Saturday, October 15, 2016

"Osson" - Joe Falcon

Joe Falcon would take this much older melody and create the song known as "Osson" for Columbia in April of 1929 in Atlanta.  It was one year after his recording of "Lafayette".   He and his wife Cleoma accompanied her brothers for their first studio session where they recorded a couple of their own tunes. Sometimes listed as "Osson One Step", the fast pace tune carries a somber story of a man feeling unloved. 

Oh, mais pauvre Osson,

Mais les belles filles si canailles,

C’’est pitié quand je les vois,

Oh méfie-toi mais les ‘tites brunes est si canailles,

Et les ‘tites blondes, ya pas moyen, sont flères.

Oh, mais pauvre Osson,

Il me fait pitié quand pour moi,

J’vas jongler à ce qu’il m’a fait,

Mais c’est de voir mais hier au soir cette belle tite fille,

Quand elle m’a dit joli cœur,

Moi j’veux plus, plus t’aimer.

Oh, tu m’as quitté moi tout seul,
Comme un pauvre misérable, plus d'espoir de la revoir. 
Hier j’m’ai trainé, bien jonglé,
Mais y avoir l’air pour elle-même,
J’mérite pas non tout ça,
Comme elle a fait hier au soir.
Ossun is a community north of Lafayette.  It borrowed some similarities from an old fiddle melody called "Rubber Dolly".  The tune must have been floating around the countryside since later that year, Angelas LeJeunne would record the tune as the more well-known "Bayou Pom Pom One Step" and Adam Trahan did the same with his "The Waltz of Our Little Town".  By 1934, Amede Ardoin traveled to NYC and recorded the song for Decca with many similarities, giving it the title "Tortope d'Osrun".   After the war, Austin Pitre sped up the tempo and created his "High Point Two Step".  Falcon's vocals were always emotional, while his accordion remained unyieldingly dominant and Cleoma's guitar maintained a consistent strumming rhythm.1  Her brother Ophy joined in on fiddle.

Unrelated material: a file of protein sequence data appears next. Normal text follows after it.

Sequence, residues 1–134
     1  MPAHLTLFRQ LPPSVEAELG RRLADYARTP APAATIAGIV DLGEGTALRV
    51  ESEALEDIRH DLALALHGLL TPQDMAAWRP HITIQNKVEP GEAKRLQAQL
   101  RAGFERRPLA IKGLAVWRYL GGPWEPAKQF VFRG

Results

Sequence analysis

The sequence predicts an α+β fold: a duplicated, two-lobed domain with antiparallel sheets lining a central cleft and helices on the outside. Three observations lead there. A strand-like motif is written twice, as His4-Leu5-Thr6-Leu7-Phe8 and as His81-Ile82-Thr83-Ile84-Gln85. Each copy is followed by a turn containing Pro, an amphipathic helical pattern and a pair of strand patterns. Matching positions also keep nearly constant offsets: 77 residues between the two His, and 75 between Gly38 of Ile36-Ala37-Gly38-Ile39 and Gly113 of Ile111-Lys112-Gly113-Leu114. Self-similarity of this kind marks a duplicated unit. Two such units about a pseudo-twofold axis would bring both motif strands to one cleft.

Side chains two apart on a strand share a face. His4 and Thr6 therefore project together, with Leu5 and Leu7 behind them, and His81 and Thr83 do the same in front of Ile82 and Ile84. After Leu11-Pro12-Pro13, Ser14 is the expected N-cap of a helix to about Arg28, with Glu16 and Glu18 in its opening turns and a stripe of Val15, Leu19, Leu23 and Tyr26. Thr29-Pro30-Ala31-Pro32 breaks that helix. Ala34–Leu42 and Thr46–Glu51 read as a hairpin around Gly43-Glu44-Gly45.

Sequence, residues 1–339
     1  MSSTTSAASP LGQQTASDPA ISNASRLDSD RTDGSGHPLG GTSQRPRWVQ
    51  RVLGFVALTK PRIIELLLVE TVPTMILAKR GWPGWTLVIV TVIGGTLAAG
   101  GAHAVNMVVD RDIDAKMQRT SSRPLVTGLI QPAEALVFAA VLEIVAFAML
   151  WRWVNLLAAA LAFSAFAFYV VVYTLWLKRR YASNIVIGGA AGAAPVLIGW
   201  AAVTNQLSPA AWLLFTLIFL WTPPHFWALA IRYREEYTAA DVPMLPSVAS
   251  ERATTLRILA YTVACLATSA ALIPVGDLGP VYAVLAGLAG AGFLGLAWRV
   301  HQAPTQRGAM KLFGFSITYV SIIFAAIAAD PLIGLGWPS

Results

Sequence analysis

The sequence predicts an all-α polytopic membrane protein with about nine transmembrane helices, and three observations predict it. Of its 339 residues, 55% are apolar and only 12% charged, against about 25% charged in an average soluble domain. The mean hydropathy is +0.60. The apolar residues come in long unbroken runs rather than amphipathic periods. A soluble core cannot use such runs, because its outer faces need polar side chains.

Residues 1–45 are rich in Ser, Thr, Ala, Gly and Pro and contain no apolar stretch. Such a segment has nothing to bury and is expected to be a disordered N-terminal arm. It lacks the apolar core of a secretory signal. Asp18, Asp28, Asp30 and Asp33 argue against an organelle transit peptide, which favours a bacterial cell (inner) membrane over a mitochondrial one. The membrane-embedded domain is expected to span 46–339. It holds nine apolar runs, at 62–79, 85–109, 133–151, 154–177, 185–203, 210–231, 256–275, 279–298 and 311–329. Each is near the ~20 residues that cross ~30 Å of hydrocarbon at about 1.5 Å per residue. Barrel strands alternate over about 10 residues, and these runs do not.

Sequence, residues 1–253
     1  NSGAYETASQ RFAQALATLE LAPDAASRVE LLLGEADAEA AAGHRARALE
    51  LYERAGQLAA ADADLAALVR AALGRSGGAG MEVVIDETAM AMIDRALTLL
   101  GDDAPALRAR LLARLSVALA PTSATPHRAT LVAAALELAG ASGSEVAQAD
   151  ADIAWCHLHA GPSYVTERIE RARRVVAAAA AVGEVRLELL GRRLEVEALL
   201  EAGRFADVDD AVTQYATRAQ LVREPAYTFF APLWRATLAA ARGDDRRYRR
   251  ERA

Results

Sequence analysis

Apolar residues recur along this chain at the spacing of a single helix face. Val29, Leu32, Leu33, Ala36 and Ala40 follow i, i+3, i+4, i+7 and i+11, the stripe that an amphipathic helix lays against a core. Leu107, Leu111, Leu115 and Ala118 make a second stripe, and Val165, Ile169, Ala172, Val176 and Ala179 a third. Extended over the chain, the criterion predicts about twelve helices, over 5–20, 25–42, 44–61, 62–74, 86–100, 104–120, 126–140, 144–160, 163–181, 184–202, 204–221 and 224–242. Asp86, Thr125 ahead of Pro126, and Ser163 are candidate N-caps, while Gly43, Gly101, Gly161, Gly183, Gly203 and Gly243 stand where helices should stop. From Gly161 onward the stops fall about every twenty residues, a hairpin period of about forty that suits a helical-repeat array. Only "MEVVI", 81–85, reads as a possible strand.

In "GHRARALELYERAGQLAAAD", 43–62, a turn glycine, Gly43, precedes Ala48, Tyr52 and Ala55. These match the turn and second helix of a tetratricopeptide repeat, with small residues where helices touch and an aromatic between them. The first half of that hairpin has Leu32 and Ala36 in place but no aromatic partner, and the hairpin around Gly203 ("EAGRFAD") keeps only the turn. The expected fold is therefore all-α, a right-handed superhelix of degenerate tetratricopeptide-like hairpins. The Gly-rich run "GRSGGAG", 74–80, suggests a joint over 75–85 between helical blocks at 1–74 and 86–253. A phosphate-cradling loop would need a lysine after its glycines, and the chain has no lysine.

Oh, poor Osson,

Well, the beautiful girls are just scum,

It's a pity when I see them,

Oh, but beware, the little brunettes are scoundrels,

And the little blondes, no way, they're snobby.

Oh, poor Osson,

It makes me pitiful,

I'm reminiscing about what she did,

But, seeing, last night, this beautiful little girl,

When she told me that, pretty girl,

I wanted to love you more.

Oh, you left me all alone,
Like a poor wretch, a love story,
Yesterday, I laid low, although reminiscing,
But, there she appeared,
I don't deserve all of that,
As of what she did last night.
Iry Lejeune, however, would borrow the melody from his uncle Angelas for his "Bayou Pom Pom Special".  Like the old Cajun and blues singers, he wrote his own lyrics but was often unaware of the origins of the tunes. Joe stated:
The number was there but I had to make up the words.  Like "Osson", it was the name of a little town, but you just have to find a name to put on the record.  It's an old two-step.2

  1. South to Louisiana: The Music of the Cajun Bayous By John Broven
  3. Lyrics by Stéphanie D
Pioneers of the Cajun Accordion (Arhoolie, 1989)
Roots 'N' Blues/The Retrospective 1925-1950 (Legacy/Columbia, 1992)
Old-Time Southern Dance Music: The String Bands, Vols. 1 & 2 (Arhoolie, 1997)
Les Cajuns Best Of 2002 Les Triomphes De La Country Volume 12 (Habana, 2002)
Bayou Two-Step - Cajun Hits From Louisiana 1929-1962 (Jasmine, 2015)

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